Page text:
Microsoft probing ActiveX attacks targeting Access feature
Vulnerability in ActiveX control for feature in Microsoft Access is being used for targeted but limited attacks, Microsoft says.
Microsoft issued a security advisory on Monday warning about targeted attacks being launched that exploit a hole in the ActiveX control for the Snapshot Viewer in the Microsoft Access database management system.
Basically, an attacker would have to lure a victim, via a link in an e-mail or IM for instance, to a specially crafted Web page that could exploit the security hole to allow remote code execution. This would provide the attacker with as much access to and rights on the computer as the logged-in user has.
The vulnerability only affects the ActiveX control for the Snapshot Viewer for Microsoft Office Access 2000, 2002 and 2003.
The ActiveX control, which allows a user to view an Access report snapshot without having the standard or run-time versions of Microsoft Office Access, ships with the standalone Snapshot Viewer and with all supported versions of Microsoft Office Access except for Microsoft Office Access 2007.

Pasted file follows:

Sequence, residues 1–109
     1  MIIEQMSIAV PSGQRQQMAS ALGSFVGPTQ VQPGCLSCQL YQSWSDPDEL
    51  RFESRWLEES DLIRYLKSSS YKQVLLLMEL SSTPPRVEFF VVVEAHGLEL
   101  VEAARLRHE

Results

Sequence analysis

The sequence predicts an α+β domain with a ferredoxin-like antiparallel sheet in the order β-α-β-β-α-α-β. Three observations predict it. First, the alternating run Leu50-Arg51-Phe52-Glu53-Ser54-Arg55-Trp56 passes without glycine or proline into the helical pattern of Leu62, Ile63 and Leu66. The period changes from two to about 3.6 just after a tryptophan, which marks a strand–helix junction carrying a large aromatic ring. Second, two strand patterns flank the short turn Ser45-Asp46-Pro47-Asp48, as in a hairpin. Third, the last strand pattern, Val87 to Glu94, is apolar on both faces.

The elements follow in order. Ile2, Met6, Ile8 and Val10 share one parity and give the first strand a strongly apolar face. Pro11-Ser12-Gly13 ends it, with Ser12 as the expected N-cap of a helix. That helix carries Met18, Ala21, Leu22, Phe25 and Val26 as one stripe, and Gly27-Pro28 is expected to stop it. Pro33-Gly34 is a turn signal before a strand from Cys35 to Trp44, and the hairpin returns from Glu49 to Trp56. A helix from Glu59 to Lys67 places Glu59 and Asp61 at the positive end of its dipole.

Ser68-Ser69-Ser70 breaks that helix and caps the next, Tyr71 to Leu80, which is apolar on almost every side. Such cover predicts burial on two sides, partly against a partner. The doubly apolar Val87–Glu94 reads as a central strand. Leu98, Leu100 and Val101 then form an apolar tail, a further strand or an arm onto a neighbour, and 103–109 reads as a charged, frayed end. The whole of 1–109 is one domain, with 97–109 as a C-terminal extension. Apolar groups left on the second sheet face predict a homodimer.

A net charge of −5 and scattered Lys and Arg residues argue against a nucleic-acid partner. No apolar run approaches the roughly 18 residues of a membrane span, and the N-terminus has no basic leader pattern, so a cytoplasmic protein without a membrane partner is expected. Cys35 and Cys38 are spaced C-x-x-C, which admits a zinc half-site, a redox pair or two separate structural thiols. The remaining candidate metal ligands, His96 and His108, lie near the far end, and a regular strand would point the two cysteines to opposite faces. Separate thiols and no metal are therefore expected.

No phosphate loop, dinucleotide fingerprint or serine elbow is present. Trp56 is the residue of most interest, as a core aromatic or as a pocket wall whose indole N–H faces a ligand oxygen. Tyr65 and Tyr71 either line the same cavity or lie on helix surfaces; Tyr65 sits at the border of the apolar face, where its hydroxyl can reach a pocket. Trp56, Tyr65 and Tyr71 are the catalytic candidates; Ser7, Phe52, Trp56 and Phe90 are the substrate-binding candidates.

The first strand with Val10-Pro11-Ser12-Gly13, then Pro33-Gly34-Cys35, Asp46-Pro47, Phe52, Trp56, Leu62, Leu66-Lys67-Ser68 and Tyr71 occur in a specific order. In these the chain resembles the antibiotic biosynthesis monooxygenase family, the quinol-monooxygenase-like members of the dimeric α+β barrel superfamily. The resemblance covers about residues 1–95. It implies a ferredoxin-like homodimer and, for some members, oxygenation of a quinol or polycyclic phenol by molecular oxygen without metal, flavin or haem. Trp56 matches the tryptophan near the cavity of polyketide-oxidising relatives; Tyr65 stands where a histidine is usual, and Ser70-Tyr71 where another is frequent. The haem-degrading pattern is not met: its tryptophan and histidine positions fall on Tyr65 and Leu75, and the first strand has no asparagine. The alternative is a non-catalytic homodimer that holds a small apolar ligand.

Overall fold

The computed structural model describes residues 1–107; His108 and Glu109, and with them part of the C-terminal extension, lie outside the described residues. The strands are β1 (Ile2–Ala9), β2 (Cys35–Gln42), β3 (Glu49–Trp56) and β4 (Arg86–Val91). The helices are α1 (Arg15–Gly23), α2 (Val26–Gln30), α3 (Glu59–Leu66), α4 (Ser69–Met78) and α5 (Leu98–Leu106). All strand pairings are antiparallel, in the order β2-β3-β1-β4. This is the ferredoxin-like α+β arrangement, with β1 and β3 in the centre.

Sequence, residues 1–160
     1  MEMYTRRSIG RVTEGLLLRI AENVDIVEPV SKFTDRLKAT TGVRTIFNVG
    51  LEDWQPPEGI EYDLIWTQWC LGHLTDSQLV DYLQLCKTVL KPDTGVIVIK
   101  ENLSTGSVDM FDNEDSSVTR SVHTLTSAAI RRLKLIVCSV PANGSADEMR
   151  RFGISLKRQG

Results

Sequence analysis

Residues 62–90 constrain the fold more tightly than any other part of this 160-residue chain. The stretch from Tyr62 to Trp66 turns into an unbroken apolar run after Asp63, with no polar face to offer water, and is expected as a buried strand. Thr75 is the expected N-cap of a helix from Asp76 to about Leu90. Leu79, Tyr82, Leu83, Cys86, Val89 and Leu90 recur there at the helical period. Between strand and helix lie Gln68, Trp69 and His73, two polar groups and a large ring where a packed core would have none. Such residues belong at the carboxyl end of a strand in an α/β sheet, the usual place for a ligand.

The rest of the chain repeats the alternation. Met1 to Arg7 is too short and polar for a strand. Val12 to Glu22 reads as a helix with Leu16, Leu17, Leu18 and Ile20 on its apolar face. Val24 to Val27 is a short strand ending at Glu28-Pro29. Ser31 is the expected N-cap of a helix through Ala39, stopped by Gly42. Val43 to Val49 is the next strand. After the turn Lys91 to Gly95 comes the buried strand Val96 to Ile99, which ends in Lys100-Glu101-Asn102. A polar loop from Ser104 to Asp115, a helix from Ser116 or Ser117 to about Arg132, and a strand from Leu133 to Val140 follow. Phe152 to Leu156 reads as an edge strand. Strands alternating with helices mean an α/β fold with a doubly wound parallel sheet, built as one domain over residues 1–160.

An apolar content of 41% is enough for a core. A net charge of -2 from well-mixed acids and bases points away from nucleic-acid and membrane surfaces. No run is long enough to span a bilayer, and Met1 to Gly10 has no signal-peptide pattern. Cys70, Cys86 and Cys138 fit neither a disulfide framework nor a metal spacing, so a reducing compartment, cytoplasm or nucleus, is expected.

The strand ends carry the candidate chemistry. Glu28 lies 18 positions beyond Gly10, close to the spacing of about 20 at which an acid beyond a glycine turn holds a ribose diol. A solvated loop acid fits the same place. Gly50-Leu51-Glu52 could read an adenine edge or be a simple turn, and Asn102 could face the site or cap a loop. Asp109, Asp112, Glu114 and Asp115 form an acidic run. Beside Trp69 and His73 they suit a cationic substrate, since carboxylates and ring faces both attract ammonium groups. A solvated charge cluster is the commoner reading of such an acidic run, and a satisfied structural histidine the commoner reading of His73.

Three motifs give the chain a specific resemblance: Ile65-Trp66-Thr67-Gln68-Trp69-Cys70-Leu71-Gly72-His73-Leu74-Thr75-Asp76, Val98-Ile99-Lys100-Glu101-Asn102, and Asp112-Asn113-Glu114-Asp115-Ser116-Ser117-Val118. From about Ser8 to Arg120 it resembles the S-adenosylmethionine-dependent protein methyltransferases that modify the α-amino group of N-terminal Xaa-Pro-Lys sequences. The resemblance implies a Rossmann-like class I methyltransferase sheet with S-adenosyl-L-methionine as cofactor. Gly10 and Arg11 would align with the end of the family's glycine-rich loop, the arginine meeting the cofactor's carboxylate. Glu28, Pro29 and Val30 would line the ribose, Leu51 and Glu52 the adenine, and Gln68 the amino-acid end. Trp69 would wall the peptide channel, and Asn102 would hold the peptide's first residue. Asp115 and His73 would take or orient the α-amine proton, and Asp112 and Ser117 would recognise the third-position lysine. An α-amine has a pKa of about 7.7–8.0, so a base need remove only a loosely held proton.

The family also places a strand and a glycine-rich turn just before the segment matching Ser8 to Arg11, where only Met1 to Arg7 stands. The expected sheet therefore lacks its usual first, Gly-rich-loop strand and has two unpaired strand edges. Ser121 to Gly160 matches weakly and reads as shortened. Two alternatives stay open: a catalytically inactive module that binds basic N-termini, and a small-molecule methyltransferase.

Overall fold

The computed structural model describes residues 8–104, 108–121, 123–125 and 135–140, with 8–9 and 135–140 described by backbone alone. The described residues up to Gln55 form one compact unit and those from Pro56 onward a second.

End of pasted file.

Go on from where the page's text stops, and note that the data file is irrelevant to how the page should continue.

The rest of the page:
By default, Internet Explorer on Windows Server 2003 and Windows Server 2008 run in a restricted mode known as Enhanced Security Configuration that sets the security level for the Internet zone to "high." This is a mitigating factor for Web sites that a user has not added to the Internet Explorer Trusted sites zone, according to Bill Sisk, security response communications manager for Microsoft.
In addition, a security feature in Internet Explorer can be set to prevent ActiveX controls from being loaded by the IE HTML-rendering engine, the advisory says.
Microsoft suggests that users adopt a workaround, such as configuring IE to disable Active Scripting or to prompt before running it, or setting Internet and local intranet security zone settings to "high" to prompt before running ActiveX Controls and Active Scripting.
Eventually, Microsoft may provide a security update for the vulnerability, according to the frequently-asked-questions section of the advisory.
"While the attack appears to be targeted, and not widespread, we are monitoring the issue and are working with our MSRA (Microsoft Security Response Alliance) partners to help protect customers," Sisk says.